The words “picture perfect” will come to mind after you first step foot in Lancaster. From a domineering castle perched atop a hill to the Georgian homes dotted around the city, Lancaster is full of style and charm, and it’s easy to see why it has become such a popular place to live in the North West.
In this guide we’re taking a deep dive into Lancaster and exploring what it’s like to live in this Northern city, from its history to homes and more.
A brief history of Lancaster
Lancaster has a long history that dates back to Roman times and includes eras from the Saxon and medieval periods. It was once the fourth largest slave port in England behind London, Liverpool and Bristol. This fact was acknowledged in 2005 when a sculpture was revealed as a memorial to many of the captured slaves.
Where is Lancaster?
Lancaster is a city and county town of Lancashire standing on the River Lune. It’s Lancashire’s northernmost city and has a small portion of green belt on the northern fringe of Lancaster.
Moving to Lancaster
Period properties are the name of the game in Lancaster, with Victorian and Georgian townhouses proving the most popular type of home with residents. There is also riverside living available, as well as properties built from the 1960s onwards.
Buying in Lancaster
The average house value in Lancaster is £222,743, with paid prices very slightly more at £223,049. Expect to pay around £352,321 for a detached home, £163,537 for a terraced house and £124,169 for an apartment.
Lancaster property prices are lower than the UK national average of £251,000. Over the last 12 months, house prices have increased by seven per cent and by eight per cent in the last five years.
There’s a varied selection of estate and letting agents in Lancaster, with chain and independent options available to help you find a home.
Renting in Lancaster
One-bedroom homes rent for an average of £675 per month in Lancaster, with two-bedroom properties fetching in the region of £750 per month. For larger homes, expect to pay an average of £800 per month.
Cost of living
If you’re moving to Lancaster, you can expect to pay similar costs to the UK national average when it comes to everyday living. A meal for one person is around £15, which is in line with the UK average. A cappuccino is about £2.30, and one litre of milk is £1.00p.
Utility bills are higher than the nationwide average: electricity, heating, cooling, water and waste disposal cost an average of £175. They are around £20 more expensive than the national average. Switching energy suppliers could save you hundreds a year. Broadband is more in line with the average at about £33 per month.
Life in Lancaster
Lancaster was named one of the happiest places to live and work in the UK, so it’s safe to say that life in the city is good. From restaurants and shops to historic buildings and landmarks, there’s plenty to see and do if you’re thinking of moving to Lancaster.
There are loads of open spaces and parks in Lancaster, including two Areas of Outstanding Natural Beauty. Head to Arnside and Silverdale to soak up limestone pavements, ancient woodlands, intimate orchards and meadows and an impressive coastline.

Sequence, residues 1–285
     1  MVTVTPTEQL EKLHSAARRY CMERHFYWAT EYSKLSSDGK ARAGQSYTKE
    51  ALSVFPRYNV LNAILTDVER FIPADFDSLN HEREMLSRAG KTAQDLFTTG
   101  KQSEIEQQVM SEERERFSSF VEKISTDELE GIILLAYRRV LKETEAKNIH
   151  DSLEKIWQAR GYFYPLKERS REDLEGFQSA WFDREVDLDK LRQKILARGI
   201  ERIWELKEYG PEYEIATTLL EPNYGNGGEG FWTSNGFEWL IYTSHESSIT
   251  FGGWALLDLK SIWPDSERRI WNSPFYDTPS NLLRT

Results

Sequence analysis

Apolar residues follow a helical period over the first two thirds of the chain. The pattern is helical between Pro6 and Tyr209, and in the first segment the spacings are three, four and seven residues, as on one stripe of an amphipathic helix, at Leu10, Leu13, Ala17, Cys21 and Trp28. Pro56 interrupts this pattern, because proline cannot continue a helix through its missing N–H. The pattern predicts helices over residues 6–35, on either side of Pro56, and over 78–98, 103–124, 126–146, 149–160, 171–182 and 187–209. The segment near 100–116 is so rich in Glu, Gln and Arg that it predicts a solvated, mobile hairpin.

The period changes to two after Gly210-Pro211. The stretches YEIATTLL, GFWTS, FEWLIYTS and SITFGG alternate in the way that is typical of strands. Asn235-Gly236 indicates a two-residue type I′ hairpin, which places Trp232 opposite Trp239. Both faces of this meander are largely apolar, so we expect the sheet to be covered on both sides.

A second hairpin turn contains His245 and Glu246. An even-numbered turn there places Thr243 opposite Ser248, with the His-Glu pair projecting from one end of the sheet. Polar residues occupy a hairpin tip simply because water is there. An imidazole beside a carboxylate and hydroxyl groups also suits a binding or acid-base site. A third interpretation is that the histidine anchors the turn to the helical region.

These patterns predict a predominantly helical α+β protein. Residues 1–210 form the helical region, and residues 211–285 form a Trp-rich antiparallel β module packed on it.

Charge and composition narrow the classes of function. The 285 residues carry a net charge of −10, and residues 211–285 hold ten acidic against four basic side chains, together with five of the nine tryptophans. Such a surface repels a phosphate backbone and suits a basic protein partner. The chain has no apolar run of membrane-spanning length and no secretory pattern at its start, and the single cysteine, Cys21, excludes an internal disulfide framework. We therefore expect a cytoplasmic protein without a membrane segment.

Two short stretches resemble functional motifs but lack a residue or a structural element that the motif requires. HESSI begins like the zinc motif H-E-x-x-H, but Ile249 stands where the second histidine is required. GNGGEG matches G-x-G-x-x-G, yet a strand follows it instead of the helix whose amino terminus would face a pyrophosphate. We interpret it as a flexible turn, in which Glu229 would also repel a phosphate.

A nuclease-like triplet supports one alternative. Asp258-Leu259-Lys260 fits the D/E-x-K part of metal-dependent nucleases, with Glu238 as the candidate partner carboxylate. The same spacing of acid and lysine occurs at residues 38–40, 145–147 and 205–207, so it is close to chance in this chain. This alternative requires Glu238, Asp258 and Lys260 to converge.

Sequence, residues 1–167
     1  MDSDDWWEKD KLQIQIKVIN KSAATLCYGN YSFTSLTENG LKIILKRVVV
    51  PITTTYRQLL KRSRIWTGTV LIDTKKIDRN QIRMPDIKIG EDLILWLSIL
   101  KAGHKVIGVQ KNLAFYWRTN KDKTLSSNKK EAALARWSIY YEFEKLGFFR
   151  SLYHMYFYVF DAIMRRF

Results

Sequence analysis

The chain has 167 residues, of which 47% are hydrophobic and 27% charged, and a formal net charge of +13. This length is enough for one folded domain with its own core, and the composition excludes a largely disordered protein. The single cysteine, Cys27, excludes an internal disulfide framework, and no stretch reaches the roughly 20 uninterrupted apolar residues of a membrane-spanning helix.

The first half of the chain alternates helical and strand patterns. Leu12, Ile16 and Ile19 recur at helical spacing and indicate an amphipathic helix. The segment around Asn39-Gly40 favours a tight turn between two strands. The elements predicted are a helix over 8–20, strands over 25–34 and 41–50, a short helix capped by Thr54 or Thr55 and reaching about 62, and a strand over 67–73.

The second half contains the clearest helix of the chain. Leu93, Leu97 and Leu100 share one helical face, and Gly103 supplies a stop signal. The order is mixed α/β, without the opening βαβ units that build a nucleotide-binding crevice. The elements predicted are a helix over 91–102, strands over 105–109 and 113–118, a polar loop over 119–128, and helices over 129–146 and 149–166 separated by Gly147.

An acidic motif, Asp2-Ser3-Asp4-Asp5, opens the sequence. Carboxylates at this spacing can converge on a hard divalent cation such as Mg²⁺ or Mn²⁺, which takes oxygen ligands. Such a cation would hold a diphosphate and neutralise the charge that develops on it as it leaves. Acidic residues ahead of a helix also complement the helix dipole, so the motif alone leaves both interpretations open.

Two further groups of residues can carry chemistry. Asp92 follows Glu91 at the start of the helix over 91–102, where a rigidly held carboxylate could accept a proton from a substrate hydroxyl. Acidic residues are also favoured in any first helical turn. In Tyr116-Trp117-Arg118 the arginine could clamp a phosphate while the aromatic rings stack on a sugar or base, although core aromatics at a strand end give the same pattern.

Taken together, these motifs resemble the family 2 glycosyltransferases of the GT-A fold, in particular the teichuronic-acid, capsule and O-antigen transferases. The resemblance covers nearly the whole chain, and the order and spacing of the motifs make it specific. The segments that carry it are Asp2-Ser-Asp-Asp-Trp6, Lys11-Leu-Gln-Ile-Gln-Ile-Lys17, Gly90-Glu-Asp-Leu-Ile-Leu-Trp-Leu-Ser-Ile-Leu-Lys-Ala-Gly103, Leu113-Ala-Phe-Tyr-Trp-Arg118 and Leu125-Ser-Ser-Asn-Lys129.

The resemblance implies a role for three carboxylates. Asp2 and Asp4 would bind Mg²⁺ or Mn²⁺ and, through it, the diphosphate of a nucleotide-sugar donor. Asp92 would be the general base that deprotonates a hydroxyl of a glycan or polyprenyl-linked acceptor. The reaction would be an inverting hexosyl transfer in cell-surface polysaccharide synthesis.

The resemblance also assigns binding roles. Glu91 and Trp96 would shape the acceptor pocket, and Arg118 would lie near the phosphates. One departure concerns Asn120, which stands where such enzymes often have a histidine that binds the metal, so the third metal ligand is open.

Trains go to Preston in 20 minutes, while services to Manchester take around one hour. The M6 is also nearby, which is convenient for motorists who can get to Preston, Blackpool and Manchester within an hour. The beach at Morecambe is just a 10-minute drive.
Independent charm, designer boutiques and high-street favourites are all on the agenda in Lancaster. There are many shops around the city, plus shopping centres including Marketgate Shopping Centre at St Nicholas Arcades.
Enjoy a range of cuisines in Lancaster, from local favourites like The Little Greek Kitchen to Quite Simply French. If you’re after a local watering hole, try The Borough with its tasty pub grub and selection of ales.
Lancaster has a selection of nightclubs that you can enjoy until the early hours of the morning. Glow hosts different club nights, while The Sugarhouse has been going strong as a local favourite since the early 1980s.
Art & culture
Head to Peter Scott Gallery, which has a long-established artistic reputation for creation, development and presentation. It’s part of the Arts Council England’s portfolio as a combined arts organisation and hosts a range of shows, galleries and exhibitions.
Things to do
Lancaster Castle is the most famous landmark in the city. It was built in medieval times and features great views of the city and beyond from the top of the castle. Millennium Bridge is another prominent point and one of the newer sites in the city. It was built in 2000.
What’s not to like?
While buying a new build appeals to many, some may not like the newer buildings found on the city’s waterfront, which offer a stark contrast from the heritage architecture you see around most of the city.
Who lives there?
Lancaster has a population of just over 144,000 and a median age of 40.
Typical broadband speeds
The average broadband speed is 31mbps in Lancaster, which is less than half the speed of the UK national average of 67mbps.
Crime rates in Lancaster average 4,788 per year and are lower than the national average of 10,000.
Last Updated: September 3rd, 2021